Crankbrothers Kronolog Telescoping Seat Post Review

May 9, 2012 at 0:15
May 9, 2012
by Mike Levy  
 
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Crankbrother's Kronolog telescoping seat post steps away from the hydraulic internals that were used within the infamous Joplin design, instead utilizing a full mechanical layout that greatly resembles the locking plate system found on bar clamps. The design makes the Kronolog the only mechanical post that is infinitely adjustable, allowing users to select any seat height between its fully dropped and fully raised positions. Total available travel is 125mm, although that number can be lowered by way of an internal spacer. The 465 gram Kronolog retails for $300 USD, and is available in 30.9 and 31.6mm sizes.

The 125mm travel Kronolog employs proven technology that is very similar to what you'll find on the common bar clamp.<br><br><span style='font-size:17px'>Crankbrothers Kronolog details:</span><br><br>- Adjustment range: 125mm/5in (<i>can be lowered 20mm via an internal spacer</i>)<br>- Infinite height adjustment<br>- Operated by a bar mounted remote w/ a standard shift cable (<i>4mm brake housing recommended</i>)<br>- Diameters: 30.9mm, 31.6mm<br>- Post length: 405mm<br>- Weight: 465g/28g (<i>30.9mm post/remote</i>)<br>- Warranty: 2 years w/ proper maintenance<br>- MSRP: $300 USD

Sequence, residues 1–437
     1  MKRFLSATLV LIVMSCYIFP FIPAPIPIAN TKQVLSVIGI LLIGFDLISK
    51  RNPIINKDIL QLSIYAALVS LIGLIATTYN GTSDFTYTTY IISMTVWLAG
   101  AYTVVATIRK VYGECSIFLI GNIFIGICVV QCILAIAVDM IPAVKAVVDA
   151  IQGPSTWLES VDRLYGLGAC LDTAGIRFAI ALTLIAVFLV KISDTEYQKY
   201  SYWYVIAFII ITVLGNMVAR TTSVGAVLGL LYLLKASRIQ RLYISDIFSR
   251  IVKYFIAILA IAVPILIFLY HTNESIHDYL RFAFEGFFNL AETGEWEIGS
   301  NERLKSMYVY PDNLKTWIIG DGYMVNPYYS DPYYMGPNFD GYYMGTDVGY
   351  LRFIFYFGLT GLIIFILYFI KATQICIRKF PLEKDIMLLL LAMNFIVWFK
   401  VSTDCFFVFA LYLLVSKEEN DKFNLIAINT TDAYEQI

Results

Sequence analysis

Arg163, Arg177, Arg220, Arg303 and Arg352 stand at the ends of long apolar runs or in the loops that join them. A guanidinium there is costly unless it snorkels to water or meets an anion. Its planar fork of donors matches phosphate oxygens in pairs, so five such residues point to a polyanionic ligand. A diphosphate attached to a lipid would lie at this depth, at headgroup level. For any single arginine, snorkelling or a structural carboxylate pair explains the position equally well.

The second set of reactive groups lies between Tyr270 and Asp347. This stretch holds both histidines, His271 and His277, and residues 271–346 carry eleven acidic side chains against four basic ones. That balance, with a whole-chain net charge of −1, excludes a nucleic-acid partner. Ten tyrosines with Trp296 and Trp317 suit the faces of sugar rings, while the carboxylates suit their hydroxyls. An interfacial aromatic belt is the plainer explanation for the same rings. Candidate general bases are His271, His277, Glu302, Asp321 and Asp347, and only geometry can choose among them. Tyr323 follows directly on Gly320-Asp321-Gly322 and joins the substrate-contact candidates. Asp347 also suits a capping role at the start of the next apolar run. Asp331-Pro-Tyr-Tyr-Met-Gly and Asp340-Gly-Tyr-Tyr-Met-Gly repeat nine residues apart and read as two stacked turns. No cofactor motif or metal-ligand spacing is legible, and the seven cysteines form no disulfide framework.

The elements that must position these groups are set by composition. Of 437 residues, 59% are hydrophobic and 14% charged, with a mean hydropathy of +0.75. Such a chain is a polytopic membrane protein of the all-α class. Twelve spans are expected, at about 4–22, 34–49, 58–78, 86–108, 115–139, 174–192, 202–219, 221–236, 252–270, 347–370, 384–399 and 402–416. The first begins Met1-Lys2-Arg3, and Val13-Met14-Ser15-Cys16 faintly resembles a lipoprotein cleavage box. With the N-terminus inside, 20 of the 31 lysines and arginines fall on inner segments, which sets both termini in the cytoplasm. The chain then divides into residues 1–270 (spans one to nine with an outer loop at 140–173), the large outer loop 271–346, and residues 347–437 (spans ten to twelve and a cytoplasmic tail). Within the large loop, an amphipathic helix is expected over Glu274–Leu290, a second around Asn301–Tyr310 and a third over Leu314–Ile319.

The 125mm travel Kronolog employs proven technology that is very similar to what you'll find on the common bar clamp.

Crankbrothers Kronolog details:

- Adjustment range: 125mm/5in (can be lowered 20mm via an internal spacer)
- Infinite height adjustment
- Operated by a bar mounted remote w/ a standard shift cable (4mm brake housing recommended)
- Diameters: 30.9mm, 31.6mm
- Post length: 405mm
- Weight: 465g/28g (30.9mm post/remote)
- Warranty: 2 years w/ proper maintenance
- MSRP: $300 USD



The details

Locking Plates: A set of twin steel plates, each one encircling the post's upper tube, sit within the larger diameter portion of the post's lower tube. A spring positioned between the plates pushes them apart, forcing both the forward and rearward inner edges of plates into contact with the upper tube, which in turn holds it steady from rising or lowering. When the remote lever is pushed the cable pulls the plates together so that they are parallel with each other, allowing the upper tube to cycle freely. Release the remote lever and the spring between the plates force them apart at an angle into the upper tube's clamping surface. The system may sound complicated at first, but it is actually one of the simplest telescoping post designs out there, with possibly only the Gravity Dropper being more straightforward. Crankbrothers is quick to point out that the inspiration for the post's locking mechanism comes from the locking plate design found on bar clamps, a system that has been in use for countless years.

An air spring is employed to raise the saddle, with it being adjustable via a schrader valve at the bottom of the post. Air pressure is recommended to be set between 55 and 75psi, which will also effect the effort it takes to lower the post. Adding air will speed up the Kronolog's return speed, while lowering the pressure will slow it down.

Crankbrothers kronolog clamping mechanism